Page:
###### Lemma 1

[12] A stem with all its branches marked as unobservable may also be marked as unobservable if, for each branch of , there exists at least one set of lines such that the following conditions are satisfied:

1. the branch is unobservable because of uncontrollability indicators on every line in , and

2. every line in is unreachable from .

The conditions formulated in Lemma 1 are sufficient, but not necessary, conditions for unobservability. An example is shown in Figure 3. Suppose that the line 1 has the value 0. Then, both fanout branches of the net 4 are unobservable. For the branch 5, the line 1 satisfies both conditions of Lemma 1, since 5 is unobservable because of the 0 value on the line 1, and 1 is unreachable from 4. The branch 6 is unobservable because of the 0 value on the line 7, however, 7 is reachable from 4. So, the second condition of Lemma 1 does not hold and therefore the net 4 is not recognized by FIRE as unobservable.

## Iv Redundancy Removal

The overall flow of presented algorithm is similar to the one of FIRE. The pseudo-code is shown in Figures 5 and 6. In this section, we describe the implementation details necessary for its understanding. In the Section V, we focus on the conceptual differences between the presented algorithm and FIRE.

In the main loop (steps 8 - 58), our algorithm iterates through all vertices of the circuit, , sets them to the value , , and performs uncontrollability and unobservability propagation in order to compute the information similar to for the stem fed by in FIRE algorithm. We use the term th run for to refer to the uncontrollability and unobservability propagation with the vertex being set to the value , .

In our implementation, every vertex has the following fields:

1. is the number of outgoing edges of which become unobservable after th run.

2. is a pointer to the predecessor of which has the controlling value for in the th run. Also, means that all inputs of , except , are unobservable. If there is more than one such predecessor, is set to the dummy vertex , which means that all inputs of are unobservable. Initially, when vertices are not set to values, is set to , which means that no input of is unobservable.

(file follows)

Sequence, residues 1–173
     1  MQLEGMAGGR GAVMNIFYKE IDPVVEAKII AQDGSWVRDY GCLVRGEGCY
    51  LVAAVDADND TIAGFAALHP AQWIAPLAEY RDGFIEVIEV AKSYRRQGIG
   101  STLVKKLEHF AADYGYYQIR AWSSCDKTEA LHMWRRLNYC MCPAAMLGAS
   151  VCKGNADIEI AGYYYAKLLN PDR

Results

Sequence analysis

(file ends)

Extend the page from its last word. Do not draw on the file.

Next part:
3. shows whether has been visited or not during unobservability propagation and check, if visited, 0 otherwise.

4. , , contains the list of pairs of type , , , such that there exists a logic implication .

5. shows whether all indirect implications which imply to some value are valid or not. If , then all implications of type stored as for some , , are not valid.

For each , the presented algorithm first performs constant propagation and indirect implications learning (steps 13-22, explained in subsection 5.3), then eliminates duplicated and constant vertices (steps 23-40, explained in subsection 5.4), does unobservability propagation (steps 41-46) and finally removes the identified redundancies (steps 47-55).

The procedure PropagateUncontrolability performs constant propagation, i.e. it recursively applies direct and learned indirect implications following from the assignment , . The obtained values are stored not only with vertices, but also in the queue defined by

 Q(i):={(u,j) | u=j after ith run for vbase}.